The counter argument is that many companies will go bankrupt because of this demand destruction which will result in insurmountable cash flow issues. I am sure there will be many examples particularly in small businesses across the country. However, that demand loss is temporary, and when it comes back, small businesses will be there to supply. Most small businesses in America fail, yet this is the backbone of our economy because new ones continually open.
I want to emphasize the importance of focusing on the aggregate power of more government spending, more central bank money, debt extensions, agreements not to evict, and many other short term life-lines being extended from every aspect of the economy. Taxes may have to rise in the future, but that is something we will worry about once we have plenty of growth.
The lack of preparedness in the USA for this current crisis was partly due to issues within our supply chain as much of our manufacturing base was transferred to Asia. I strongly suspect this relationship will change in dramatic ways. I suspect that sectors of the economy deemed to be part of our strategic supply chains will be brought back to being manufactured in the USA. There will likely be a willingness to pay higher prices for the sake of becoming more self-sufficient.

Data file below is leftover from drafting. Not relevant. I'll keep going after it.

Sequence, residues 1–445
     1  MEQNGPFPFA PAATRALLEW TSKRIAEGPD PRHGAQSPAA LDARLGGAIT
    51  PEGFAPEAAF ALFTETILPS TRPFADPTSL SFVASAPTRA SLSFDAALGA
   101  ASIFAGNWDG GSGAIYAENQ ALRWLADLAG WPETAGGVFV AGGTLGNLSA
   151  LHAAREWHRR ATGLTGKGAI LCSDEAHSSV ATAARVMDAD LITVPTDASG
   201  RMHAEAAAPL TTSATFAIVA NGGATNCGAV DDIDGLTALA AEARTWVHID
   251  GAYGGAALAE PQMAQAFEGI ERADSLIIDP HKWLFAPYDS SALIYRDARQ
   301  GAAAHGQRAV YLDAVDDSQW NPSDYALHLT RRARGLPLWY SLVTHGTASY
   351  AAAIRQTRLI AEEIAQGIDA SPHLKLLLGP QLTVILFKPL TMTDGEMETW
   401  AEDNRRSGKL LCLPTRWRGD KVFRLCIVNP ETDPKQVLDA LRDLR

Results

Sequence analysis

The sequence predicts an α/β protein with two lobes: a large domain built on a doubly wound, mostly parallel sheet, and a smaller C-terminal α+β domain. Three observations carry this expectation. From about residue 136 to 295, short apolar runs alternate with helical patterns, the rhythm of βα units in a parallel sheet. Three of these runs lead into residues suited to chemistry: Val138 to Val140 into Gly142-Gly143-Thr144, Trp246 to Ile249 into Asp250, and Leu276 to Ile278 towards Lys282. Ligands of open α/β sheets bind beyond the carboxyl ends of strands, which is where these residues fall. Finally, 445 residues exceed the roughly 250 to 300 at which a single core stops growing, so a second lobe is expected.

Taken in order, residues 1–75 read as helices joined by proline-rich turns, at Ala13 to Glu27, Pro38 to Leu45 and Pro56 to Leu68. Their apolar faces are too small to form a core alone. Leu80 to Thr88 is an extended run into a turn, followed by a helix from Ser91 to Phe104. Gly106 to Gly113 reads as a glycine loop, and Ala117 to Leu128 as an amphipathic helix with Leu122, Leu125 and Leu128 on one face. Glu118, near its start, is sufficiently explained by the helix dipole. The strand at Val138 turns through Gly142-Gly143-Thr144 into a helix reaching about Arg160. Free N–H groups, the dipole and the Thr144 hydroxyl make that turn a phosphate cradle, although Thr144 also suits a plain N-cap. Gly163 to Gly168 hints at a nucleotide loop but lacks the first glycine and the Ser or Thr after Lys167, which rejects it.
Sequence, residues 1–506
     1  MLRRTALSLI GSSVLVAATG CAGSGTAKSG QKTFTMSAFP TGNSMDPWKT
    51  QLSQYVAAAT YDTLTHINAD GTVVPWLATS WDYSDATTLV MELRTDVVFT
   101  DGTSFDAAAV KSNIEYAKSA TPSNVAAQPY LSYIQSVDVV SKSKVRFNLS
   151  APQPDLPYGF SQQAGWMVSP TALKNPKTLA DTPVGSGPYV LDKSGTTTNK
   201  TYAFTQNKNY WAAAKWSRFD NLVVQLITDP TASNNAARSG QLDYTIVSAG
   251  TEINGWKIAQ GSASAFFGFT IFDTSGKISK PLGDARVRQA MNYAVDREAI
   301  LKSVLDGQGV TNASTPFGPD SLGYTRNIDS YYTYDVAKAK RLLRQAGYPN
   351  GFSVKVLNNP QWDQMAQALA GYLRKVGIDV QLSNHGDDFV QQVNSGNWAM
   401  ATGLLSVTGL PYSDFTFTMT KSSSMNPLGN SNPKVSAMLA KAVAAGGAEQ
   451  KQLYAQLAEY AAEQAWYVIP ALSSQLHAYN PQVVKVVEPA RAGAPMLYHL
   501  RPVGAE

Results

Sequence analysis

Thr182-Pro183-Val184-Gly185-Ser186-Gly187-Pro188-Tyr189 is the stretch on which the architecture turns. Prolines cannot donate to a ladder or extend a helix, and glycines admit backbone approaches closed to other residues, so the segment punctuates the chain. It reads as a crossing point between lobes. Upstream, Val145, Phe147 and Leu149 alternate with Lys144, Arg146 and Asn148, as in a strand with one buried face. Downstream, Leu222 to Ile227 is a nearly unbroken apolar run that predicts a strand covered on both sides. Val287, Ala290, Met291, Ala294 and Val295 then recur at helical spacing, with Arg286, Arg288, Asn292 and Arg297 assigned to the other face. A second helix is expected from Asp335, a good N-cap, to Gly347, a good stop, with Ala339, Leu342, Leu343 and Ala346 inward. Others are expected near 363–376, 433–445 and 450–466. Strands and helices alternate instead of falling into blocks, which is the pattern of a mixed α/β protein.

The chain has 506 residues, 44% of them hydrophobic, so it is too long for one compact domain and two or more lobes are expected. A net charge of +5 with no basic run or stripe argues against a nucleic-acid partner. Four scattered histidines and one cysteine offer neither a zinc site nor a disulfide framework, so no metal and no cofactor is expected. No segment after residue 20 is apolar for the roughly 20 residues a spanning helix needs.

It is extremely hard for any economic models to predict this kind of behavior because it is vastly different than our recent past. Many economic and investment models use the recent past to help assess the future, but reliance on what used to work will struggle in a new reality. Adjust your perception to the new situation.
Equity prices may remain under pressure until infection rates of the virus start to level off and possibly until economic activity starts to resume.
At August Wealth, we are spending a great deal of time on thought process and strategy to capitalize on opportunities as they present themselves.
Joseph Cardello, Principal
August Wealth Advisors
The Loft, 101 Franklin Street, Suite 9
Westport, CT 06880
Direct (916) 461-9451 toll free (800) 985-9477
“The opinions voiced in this material are for general information only and are not intended to provide specific advice or recommendations for any individual. The economic forecasts set forth in this material may not develop as predicted and there can be no guarantee that strategies promoted will be successful. No reader should make any investment decision without first consulting his or her own personal financial advisor and conducting his or her own research and due diligence.”
“Investment advice offered through Stratos Wealth Advisors, LLC, a registered investment advisor; DBA August Wealth Advisors.
The opinions voiced in this material are for general information only and are not intended to provide specific advice or recommendations for any individual. The economic forecasts set forth in this material may not develop as predicted and there can be no guarantee that strategies promoted will be successful. No reader should make any investment decision without first consulting his or her own personal financial advisor and conducting his or her own research and due diligence.”